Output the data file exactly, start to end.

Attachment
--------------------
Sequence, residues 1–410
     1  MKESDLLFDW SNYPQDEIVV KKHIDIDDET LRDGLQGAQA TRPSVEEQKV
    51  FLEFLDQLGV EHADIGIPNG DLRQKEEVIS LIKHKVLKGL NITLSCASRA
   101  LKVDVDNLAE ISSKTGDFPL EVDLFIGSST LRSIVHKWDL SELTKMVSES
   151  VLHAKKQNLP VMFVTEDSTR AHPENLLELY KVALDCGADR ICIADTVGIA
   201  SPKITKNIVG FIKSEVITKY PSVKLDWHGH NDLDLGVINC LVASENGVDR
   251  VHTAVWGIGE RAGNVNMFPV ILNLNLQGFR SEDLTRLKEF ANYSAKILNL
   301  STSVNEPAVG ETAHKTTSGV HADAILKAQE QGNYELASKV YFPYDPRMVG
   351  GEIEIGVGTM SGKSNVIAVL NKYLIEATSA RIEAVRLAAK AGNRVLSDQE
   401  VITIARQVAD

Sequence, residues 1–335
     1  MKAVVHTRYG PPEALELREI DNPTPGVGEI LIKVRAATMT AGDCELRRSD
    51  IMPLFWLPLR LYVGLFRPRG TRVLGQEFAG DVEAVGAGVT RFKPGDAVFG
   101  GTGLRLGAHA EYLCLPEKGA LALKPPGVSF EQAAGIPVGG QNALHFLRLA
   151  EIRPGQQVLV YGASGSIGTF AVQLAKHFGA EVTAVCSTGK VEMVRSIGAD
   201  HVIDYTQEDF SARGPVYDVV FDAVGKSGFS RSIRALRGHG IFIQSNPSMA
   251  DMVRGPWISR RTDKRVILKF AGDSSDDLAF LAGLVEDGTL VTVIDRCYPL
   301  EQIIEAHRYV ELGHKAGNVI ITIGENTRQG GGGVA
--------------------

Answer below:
Sequence, residues 1–410
     1  MKESDLLFDW SNYPQDEIVV KKHIDIDDET LRDGLQGAQA TRPSVEEQKV
    51  FLEFLDQLGV EHADIGIPNG DLRQKEEVIS LIKHKVLKGL NITLSCASRA
   101  LKVDVDNLAE ISSKTGDFPL EVDLFIGSST LRSIVHKWDL SELTKMVSES
   151  VLHAKKQNLP VMFVTEDSTR AHPENLLELY KVALDCGADR ICIADTVGIA
   201  SPKITKNIVG FIKSEVITKY PSVKLDWHGH NDLDLGVINC LVASENGVDR
   251  VHTAVWGIGE RAGNVNMFPV ILNLNLQGFR SEDLTRLKEF ANYSAKILNL
   301  STSVNEPAVG ETAHKTTSGV HADAILKAQE QGNYELASKV YFPYDPRMVG
   351  GEIEIGVGTM SGKSNVIAVL NKYLIEATSA RIEAVRLAAK AGNRVLSDQE
   401  VITIARQVAD

Sequence, residues 1–335
     1  MKAVVHTRYG PPEALELREI DNPTPGVGEI LIKVRAATMT AGDCELRRSD
    51  IMPLFWLPLR LYVGLFRPRG TRVLGQEFAG DVEAVGAGVT RFKPGDAVFG
   101  GTGLRLGAHA EYLCLPEKGA LALKPPGVSF EQAAGIPVGG QNALHFLRLA
   151  EIRPGQQVLV YGASGSIGTF AVQLAKHFGA EVTAVCSTGK VEMVRSIGAD
   201  HVIDYTQEDF SARGPVYDVV FDAVGKSGFS RSIRALRGHG IFIQSNPSMA
   251  DMVRGPWISR RTDKRVILKF AGDSSDDLAF LAGLVEDGTL VTVIDRCYPL
   301  EQIIEAHRYV ELGHKAGNVI ITIGENTRQG GGGVA